1. Right to Remain Silent

The right to remain silent originates in the Fifth Amendment of the United States Constitution, which says, “No person…shall be compelled in any criminal case to be a witness against himself…”

For many years the interpretation of how this applied to U.S. citizens was confusing and a little murky, until the seminal United States Supreme Court case from 1966, Miranda v. Arizona. Two things you must remember for Miranda to apply: 1) you must be under arrest; 2) there must be an interrogation.

If you make voluntary statements or are not under arrest (ie: answering questions during a traffic stop or talking to store security), Miranda won’t help. Instead of trying to figure out whether or not you are under arrest, the easiest thing to do is TELL THE POLICE YOU DON’T WANT TO ANSWER QUESTIONS WITHOUT AN ATTORNEY PRESENT!

Last, if the police don’t read you your rights, it doesn’t mean your case gets thrown out! It might mean that any statements you’ve made can’t be used against you, but that doesn’t invalidate the arrest or charges.

1. Right to an Attorney

“You have the right to an attorney, and if you cannot afford an attorney one will be provided to you…” The Fifth and Sixth Amendment of the Constitution give a criminal defendant the right to counsel, but there are limitations that are important to know.

The right to have an attorney appointed if you can’t afford one only applies to criminal, not civil matters. Although the language of the Constitution seems straight forward, the U.S. Supreme Court did not clarify the issue until 1963 in the seminal case Gideon v. Wainwright. There may even be some limitations on criminal cases, depending on how serious the punishment is.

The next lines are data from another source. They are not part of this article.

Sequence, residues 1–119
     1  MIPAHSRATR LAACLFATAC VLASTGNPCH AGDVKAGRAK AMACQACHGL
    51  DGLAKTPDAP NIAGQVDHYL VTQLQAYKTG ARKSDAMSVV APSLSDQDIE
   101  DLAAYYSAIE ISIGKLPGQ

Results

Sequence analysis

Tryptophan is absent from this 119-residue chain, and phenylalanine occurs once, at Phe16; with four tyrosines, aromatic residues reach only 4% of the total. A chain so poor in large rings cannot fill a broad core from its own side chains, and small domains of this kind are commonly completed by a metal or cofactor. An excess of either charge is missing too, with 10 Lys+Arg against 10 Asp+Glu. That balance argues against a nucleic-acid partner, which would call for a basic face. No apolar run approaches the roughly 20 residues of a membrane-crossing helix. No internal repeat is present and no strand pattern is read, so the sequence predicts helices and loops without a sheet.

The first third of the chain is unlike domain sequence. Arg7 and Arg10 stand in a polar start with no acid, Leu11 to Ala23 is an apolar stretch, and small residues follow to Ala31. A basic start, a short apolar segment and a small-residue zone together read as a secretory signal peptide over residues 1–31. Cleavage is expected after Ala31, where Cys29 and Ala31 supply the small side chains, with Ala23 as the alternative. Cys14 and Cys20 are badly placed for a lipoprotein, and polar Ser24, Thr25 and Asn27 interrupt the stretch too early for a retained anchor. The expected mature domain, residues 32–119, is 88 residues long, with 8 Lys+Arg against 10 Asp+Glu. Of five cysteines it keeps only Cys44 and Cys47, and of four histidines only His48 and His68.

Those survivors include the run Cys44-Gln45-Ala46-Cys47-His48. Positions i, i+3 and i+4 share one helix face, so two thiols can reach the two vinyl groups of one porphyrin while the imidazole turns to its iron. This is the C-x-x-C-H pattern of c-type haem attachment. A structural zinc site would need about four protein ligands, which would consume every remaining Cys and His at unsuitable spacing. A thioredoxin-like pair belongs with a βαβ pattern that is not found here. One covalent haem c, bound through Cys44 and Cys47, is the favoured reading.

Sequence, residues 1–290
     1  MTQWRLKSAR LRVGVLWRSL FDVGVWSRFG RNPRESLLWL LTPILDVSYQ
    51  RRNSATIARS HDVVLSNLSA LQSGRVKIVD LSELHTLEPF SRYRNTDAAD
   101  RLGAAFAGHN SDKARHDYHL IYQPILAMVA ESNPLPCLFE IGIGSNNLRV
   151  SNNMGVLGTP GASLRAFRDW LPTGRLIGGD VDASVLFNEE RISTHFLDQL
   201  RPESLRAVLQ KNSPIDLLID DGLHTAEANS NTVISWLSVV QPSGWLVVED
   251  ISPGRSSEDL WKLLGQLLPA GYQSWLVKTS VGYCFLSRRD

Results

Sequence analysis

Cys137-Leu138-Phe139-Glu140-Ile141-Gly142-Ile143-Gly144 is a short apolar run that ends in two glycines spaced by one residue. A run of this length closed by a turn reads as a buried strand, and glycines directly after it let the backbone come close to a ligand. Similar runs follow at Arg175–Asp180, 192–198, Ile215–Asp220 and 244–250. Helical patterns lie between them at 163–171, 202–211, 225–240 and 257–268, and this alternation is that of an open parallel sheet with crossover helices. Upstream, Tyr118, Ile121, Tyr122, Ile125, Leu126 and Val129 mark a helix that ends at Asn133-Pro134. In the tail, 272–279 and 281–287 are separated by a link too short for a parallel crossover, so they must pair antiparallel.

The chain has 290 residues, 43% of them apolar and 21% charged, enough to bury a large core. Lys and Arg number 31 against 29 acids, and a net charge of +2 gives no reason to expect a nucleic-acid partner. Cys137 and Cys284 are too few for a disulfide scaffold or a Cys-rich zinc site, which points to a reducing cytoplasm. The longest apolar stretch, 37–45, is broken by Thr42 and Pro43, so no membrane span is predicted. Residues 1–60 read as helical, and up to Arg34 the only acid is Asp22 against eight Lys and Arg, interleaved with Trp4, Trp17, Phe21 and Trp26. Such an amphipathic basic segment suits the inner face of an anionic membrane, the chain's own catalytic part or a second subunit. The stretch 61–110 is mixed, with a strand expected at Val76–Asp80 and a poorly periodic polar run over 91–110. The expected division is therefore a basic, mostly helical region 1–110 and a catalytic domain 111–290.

The right to an attorney is supposed to attach from the time of custodial interrogation until the end of trial. Basically, at all “critical stages of the proceeding.” Whether or not you hire a private attorney or are given one by the court, having a lawyer with you during the entire process is very important and this may be the most important thing you ever read: IF YOU ARE ARRESTED OR ANSWERING ANY QUESTIONS TO LAW ENFORCEMENT, ASK FOR AN ATTORNEY TO BE PRESENT!

2. Your Rights When Stopped By Law Enforcement

The courts generally give officers some leeway to stop you and ask you questions. Many jurisdictions make it a low level crime to refuse to give the police basic information such as your name or date of birth.

Beyond that, if the police ask you any questions it doesn’t mean you have to answer them! As always, assert your right to silence and tell the officers you won’t be answering any questions without an attorney there.

You can ask if you are under arrest or if you are free to leave. The police are usually given a short amount of time to ask the basics and check your information, but in order for them to hold you they must have a reasonable suspicion that you have committed some crime. Unless you ask them if you are free to leave, most courts will consider you speaking to them completely voluntary.  If the police tell you that you’re not under arrest and are free to leave, leave. No reason to stick around to see what could go wrong.


Even if you think the police have no legal or justifiable reason to stop you, ask you questions, or search, do not argue or resist. The courts are the place to litigate whether or not the police are violating your constitutional rights, not on the street. The best thing you can do is be polite, clear and firm about the rights you are invoking.

3. Right to Refuse a Search Without a Warrant

The Fourth Amendment of the United States Constitution guarantees, “The right of the people to be secure in their persons, houses, papers, and effects, against unreasonable searches and seizures, shall not be violated…”

If the police ask to search your car, your home, your office, or your person, you do not have to let them. IF LAW ENFORCEMENT ASKS YOU FOR PERMISSION TO SEARCH ANY OF THESE THINGS, TELL THEM NOT WITHOUT A WARRANT!

Even if the police have a warrant, it does not mean you have to answer any questions! Tell the police you won’t be answering any questions without an attorney, and that you are choosing to remain silent to any of their questions. Don’t interfere with any search. Ask if you can watch the search, and if you’re allowed to, you should.

Last thing to keep in mind: Even if the police say they will go get a warrant if you don’t agree to let them in and search, do not give consent! They may not succeed in getting a warrant. They may be bluffing. Either way, if you give them permission to search then they do not need a warrant.


Source: http://hightimes.com/culture/know-your-rights-101-the-basics-of-dealing-with-police/